Legislative Commands Do Not Affect the Powers of the IPAB
Section 31D(3) is a specific provision for TV and radio broadcast that does not exclude anything included within the general provision under Section 31D(2). It is true that Section 31D(3) prescribes that the royalty rates shall be different for radio and TV broadcast. However, it must be read with Section 31D(2), which authorizes the IPAB to set royalty rates for all applicants, who may be “any broadcasting organization desirous of communicating to the public by way of broadcast or by way of performance.” A joint reading of the two provisions does not support the conclusion that Parliament intended to limit statutory licenses to radio and TV broadcasters, rather Section 31D(3) is merely a legislative command to the IPAB on how to proceed in a specific context– since music TV and radio broadcast are consumed differently and reach different sections of society, Parliament commands the IPAB to set royalties differently. This legislative command does not limit the plenary authorization of the IPAB contained within Section 31D(2), to set rates for all potential applicants.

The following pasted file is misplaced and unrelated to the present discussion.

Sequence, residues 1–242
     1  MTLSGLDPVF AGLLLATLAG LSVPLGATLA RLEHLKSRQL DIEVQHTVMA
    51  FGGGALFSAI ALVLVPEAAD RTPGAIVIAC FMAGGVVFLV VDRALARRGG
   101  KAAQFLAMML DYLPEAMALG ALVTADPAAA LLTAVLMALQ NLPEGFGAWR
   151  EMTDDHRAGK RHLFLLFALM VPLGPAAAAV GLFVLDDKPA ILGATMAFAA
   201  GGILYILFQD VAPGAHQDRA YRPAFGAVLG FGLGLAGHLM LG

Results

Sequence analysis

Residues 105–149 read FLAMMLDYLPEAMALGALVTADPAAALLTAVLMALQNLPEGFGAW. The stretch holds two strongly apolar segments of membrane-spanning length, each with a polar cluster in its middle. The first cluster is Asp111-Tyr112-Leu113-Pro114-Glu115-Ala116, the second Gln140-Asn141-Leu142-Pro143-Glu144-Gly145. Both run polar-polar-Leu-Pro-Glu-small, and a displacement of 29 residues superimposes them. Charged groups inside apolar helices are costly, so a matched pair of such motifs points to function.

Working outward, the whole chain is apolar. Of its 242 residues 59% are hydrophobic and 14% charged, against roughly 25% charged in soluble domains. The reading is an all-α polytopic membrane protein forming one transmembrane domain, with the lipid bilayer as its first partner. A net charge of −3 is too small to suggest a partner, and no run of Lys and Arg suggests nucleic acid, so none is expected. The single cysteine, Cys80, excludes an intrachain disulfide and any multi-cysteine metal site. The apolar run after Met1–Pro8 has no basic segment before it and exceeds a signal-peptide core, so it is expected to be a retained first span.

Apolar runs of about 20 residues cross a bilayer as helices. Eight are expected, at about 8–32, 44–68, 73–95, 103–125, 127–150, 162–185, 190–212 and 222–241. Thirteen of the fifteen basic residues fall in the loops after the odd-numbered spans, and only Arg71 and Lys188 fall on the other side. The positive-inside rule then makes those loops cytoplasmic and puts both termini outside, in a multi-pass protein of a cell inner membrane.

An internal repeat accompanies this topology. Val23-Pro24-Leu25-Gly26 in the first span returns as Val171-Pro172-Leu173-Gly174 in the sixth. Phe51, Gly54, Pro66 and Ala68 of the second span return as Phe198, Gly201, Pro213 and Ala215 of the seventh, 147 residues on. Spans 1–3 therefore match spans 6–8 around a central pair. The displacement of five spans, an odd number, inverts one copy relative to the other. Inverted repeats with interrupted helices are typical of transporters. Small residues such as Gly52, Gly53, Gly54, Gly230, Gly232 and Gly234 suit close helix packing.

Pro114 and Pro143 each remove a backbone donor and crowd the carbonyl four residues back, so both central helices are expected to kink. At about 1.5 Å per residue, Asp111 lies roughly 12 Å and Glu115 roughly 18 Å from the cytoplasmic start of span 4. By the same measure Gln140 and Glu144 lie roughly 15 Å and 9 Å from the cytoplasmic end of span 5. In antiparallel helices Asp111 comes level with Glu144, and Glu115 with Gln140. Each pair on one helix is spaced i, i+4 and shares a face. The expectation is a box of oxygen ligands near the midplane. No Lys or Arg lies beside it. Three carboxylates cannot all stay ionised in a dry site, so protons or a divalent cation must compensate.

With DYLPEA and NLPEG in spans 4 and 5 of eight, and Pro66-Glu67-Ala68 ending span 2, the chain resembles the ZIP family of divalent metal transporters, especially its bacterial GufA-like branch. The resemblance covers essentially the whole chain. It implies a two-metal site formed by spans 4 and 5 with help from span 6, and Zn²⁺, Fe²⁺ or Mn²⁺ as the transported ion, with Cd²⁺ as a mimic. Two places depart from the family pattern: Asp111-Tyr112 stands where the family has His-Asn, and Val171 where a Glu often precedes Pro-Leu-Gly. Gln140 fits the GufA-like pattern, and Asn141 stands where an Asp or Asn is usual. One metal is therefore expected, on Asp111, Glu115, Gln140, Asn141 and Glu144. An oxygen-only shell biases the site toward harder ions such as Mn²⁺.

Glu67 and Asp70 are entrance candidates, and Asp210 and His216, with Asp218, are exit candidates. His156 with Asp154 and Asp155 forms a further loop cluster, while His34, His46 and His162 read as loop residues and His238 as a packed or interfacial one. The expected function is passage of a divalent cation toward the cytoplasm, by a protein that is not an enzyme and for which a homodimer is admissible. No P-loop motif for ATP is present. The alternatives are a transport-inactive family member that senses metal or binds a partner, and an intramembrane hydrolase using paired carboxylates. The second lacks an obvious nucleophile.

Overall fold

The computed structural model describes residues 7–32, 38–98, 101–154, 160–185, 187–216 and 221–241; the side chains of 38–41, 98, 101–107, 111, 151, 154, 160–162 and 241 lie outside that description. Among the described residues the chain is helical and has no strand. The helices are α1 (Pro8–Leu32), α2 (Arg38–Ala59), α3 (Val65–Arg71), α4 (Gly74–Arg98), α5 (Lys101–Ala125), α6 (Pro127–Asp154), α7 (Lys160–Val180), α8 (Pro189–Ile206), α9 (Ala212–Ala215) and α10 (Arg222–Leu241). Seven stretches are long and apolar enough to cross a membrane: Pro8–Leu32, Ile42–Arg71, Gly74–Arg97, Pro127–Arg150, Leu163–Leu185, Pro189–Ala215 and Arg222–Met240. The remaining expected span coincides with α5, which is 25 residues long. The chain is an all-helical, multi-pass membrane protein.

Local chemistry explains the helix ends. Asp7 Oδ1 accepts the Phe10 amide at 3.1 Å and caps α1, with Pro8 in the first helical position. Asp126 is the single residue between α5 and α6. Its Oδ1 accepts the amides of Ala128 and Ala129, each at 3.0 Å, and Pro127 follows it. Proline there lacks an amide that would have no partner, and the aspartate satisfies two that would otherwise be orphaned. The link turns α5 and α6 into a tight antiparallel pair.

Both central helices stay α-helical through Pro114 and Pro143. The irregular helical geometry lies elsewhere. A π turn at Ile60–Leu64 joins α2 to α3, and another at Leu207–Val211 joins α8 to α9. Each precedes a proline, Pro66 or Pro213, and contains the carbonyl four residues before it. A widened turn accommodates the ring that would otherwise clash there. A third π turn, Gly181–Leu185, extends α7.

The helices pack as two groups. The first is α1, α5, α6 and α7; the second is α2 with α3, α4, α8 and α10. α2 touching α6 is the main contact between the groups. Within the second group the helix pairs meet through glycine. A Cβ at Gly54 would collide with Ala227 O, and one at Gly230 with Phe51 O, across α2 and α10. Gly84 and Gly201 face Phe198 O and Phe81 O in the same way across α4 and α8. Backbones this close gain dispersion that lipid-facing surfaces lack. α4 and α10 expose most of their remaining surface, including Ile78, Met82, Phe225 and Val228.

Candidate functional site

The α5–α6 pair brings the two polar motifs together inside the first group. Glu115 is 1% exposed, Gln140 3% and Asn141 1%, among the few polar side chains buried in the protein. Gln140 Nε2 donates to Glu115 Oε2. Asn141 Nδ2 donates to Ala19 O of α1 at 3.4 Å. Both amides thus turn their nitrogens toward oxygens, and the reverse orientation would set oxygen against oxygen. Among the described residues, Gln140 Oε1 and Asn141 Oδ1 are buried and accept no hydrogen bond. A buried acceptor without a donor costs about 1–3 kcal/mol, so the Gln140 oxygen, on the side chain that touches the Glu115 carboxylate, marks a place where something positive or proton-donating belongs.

Further, it is settled law that rules have to be interpreted within the contours of the statute. Rules are made to implement the rights granted in the parent statute. An interpretation of the Rules that abrogates statutory rights is wrong and impermissible. J. Kathawala’s use of Rule 29 & 31 to circumscribe the openly-worded guarantee of Section 31D(1) to radio and TV broadcasters is thus, an incorrect construction. If this interpretation holds up and the Rules are deemed to discriminate between broadcasters over the choice of medium, then they are blatantly inconsistent with Section 31D(1) and are void.